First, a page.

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Answers to the question of coal in the energy transition

What is the role of traditional power generation in the energy transition in Africa, where climate finance mitigation and adaption policies still seem like rules applied to other countries, not a continent where the least cost option will be coal for a while to come?

The article appeared in ESI Africa Issue 1-2021.
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Three very different panellists addressed coal in the energy transition in an online gathering hosted by ESI Africa. Energy analyst Ted Blom called himself technology agnostic and warned against getting caught up in ever-changing fads around issues like climate change. However, he agreed with fellow panellists that contaminants could and should be cleaned up and removed from the environment.

His position is that primarily industrial economies like South Africa’s cannot move from a carbon-intensive economy to a zero-carbon emissions state without significant strides in energy storage technology. Blom does not believe renewable energy alone can ever provide the amount of electricity the country’s technologies need under normal circumstances.

Trade & Industrial Policy Strategies’ senior economist Gaylor MontmassonClair pointed out that the concept of decarbonising the economy is not about a choice to do it or not. “We’re going to decarbonise proactively and reap the benefits, or this is going to be forced on us by the world. The EU will put in a border carbon tax, which means that any product coming inside the EU from 2023 will be taxed based on its carbon content. That’s going to dramatically impact South African exports in the future if we don’t act now.

“And so for me, two choices – be proactive, try to minimise some of the short-term impacts and reap the benefits or, you know, with every head in the sand pretend this is not a problem,” said Montmasson-Clair.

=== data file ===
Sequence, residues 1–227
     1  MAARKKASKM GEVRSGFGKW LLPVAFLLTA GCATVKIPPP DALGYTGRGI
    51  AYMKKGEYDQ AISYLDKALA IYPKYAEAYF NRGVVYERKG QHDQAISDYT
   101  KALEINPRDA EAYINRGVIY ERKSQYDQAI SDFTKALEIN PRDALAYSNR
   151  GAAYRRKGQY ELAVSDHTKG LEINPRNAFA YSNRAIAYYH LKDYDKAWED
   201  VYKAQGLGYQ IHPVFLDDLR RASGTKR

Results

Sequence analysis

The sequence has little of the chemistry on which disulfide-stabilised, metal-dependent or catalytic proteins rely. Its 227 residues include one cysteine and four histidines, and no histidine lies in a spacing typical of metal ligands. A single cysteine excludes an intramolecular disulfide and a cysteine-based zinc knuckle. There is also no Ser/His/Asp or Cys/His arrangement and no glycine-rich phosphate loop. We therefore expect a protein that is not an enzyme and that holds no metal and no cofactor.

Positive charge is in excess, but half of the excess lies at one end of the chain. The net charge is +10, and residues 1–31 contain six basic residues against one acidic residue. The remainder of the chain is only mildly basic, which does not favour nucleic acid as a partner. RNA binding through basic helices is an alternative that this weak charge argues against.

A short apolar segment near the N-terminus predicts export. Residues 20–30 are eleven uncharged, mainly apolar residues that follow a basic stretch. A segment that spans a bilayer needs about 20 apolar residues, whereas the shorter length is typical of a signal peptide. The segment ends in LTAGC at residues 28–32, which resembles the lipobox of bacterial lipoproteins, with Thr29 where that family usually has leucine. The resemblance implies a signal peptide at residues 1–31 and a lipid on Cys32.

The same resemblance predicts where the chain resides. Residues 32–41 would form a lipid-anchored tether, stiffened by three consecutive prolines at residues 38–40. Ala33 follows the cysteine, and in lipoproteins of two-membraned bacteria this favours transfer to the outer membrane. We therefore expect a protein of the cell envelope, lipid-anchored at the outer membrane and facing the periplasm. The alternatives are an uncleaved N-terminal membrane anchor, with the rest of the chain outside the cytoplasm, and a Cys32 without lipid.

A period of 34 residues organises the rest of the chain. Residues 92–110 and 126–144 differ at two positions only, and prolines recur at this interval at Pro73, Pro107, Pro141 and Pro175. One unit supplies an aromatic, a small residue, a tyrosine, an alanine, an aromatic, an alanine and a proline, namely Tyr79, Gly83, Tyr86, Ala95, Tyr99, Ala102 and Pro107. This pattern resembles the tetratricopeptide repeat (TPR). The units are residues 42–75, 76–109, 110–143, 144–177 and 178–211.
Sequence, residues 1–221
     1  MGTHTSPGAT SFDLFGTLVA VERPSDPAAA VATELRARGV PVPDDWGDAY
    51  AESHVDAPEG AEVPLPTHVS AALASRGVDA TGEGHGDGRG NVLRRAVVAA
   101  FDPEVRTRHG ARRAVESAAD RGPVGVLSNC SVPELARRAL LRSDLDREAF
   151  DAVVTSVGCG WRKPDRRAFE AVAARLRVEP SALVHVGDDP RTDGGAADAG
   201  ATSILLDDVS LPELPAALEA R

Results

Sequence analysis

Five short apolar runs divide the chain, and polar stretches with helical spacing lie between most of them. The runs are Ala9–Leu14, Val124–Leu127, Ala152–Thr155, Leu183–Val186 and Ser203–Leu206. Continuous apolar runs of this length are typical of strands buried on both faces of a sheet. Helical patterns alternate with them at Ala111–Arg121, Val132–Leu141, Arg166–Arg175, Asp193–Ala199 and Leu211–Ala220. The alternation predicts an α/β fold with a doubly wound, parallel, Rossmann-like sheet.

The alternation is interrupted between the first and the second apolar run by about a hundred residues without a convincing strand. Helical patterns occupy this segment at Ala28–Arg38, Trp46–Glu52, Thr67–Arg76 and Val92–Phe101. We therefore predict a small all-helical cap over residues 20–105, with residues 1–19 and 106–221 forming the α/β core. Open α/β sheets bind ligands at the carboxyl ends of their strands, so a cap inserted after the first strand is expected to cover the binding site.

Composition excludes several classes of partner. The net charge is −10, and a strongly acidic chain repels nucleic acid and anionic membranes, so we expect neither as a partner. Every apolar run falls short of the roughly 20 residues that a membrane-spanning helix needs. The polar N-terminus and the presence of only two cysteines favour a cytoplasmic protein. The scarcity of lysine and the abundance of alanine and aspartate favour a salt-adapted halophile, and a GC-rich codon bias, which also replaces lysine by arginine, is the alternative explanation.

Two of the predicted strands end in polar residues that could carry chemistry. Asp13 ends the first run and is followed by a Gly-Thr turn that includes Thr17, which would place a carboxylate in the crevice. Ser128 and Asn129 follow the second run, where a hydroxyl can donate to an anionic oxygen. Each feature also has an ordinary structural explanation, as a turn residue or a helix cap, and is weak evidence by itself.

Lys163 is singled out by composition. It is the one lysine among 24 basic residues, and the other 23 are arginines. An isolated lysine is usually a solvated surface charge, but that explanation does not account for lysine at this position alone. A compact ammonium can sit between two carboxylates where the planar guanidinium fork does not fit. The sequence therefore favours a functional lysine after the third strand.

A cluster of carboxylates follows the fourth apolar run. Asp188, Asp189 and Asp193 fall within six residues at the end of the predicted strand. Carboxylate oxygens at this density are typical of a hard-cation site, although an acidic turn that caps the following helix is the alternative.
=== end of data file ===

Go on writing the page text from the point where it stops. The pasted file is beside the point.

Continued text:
A comment from the audience raised a point that an energy transition wasn’t so much a technical one as a social transformation. This comment resonated strongly with Montmasson-Clair, who answered the question in an interview after the live session: “The technology transition is happening whether we want it or not. We have to deal with it; it’s a disruptor but not something unusual. We’ve been through countless technological transitions, and we will go through more going forward.

“The social transformation is our choice – do we want to have that social transformation? Do we want to challenge the system that has created inequality, poverty and unemployment and use this technological transformation as an avenue to address these? Or not? Depending on where you fall on the political spectrum, you have a different answer, but that is the challenge.”

He believes South Africa needs an ambitious just transition agenda: “You don’t get many opportunities to address all problems at once. We’re not naïve, but it’s an opportunity to do things differently and address some of the historical injustices that happened in the country, the world. You can apply the concept to many geographies.”

He is keen to see the results of a social impact study Eskom is currently engaged in, which looks at the first set of power plants they are decommissioning. The social impact studies, combined with a request for proposals to repurpose power plants, could point to one possible way forward.

Within the energy transition in South Africa, the people who will be hit hardest, though, currently work directly or indirectly for coal mines. Coupled with the hundreds of now-defunct other mines that the government has inadvertently become responsible for, Montmasson-Clair mused out loud whether rehabilitation of mines could become a new sector of employment for those who will lose jobs in the coal mining sector.

But, just as you cannot compare jobs at a coal mine with those at the utility Eskom, it isn’t easy to immediately envisage what job a soon-to-be-ex coal miner could step into without reskilling or training.